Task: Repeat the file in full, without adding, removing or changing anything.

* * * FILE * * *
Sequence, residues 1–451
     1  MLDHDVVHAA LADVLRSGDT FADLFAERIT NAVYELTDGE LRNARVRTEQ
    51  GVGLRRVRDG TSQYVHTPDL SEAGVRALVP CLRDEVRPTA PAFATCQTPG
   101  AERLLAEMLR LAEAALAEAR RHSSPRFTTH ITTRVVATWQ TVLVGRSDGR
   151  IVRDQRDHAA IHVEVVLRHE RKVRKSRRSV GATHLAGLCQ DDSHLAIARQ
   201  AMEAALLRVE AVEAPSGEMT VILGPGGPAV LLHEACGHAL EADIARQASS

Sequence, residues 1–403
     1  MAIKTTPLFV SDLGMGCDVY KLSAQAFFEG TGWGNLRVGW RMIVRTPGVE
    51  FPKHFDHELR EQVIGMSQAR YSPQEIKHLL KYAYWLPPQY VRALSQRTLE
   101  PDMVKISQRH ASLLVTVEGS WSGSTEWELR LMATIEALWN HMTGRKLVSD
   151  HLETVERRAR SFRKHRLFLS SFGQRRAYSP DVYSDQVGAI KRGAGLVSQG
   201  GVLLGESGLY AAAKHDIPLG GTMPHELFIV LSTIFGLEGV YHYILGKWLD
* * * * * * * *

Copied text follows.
Sequence, residues 1–451
     1  MLDHDVVHAA LADVLRSGDT FADLFAERIT NAVYELTDGE LRNARVRTEQ
    51  GVGLRRVRDG TSQYVHTPDL SEAGVRALVP CLRDEVRPTA PAFATCQTPG
   101  AERLLAEMLR LAEAALAEAR RHSSPRFTTH ITTRVVATWQ TVLVGRSDGR
   151  IVRDQRDHAA IHVEVVLRHE RKVRKSRRSV GATHLAGLCQ DDSHLAIARQ
   201  AMEAALLRVE AVEAPSGEMT VILGPGGPAV LLHEACGHAL EADIARQASS

Sequence, residues 1–403
     1  MAIKTTPLFV SDLGMGCDVY KLSAQAFFEG TGWGNLRVGW RMIVRTPGVE
    51  FPKHFDHELR EQVIGMSQAR YSPQEIKHLL KYAYWLPPQY VRALSQRTLE
   101  PDMVKISQRH ASLLVTVEGS WSGSTEWELR LMATIEALWN HMTGRKLVSD
   151  HLETVERRAR SFRKHRLFLS SFGQRRAYSP DVYSDQVGAI KRGAGLVSQG
   201  GVLLGESGLY AAAKHDIPLG GTMPHELFIV LSTIFGLEGV YHYILGKWLD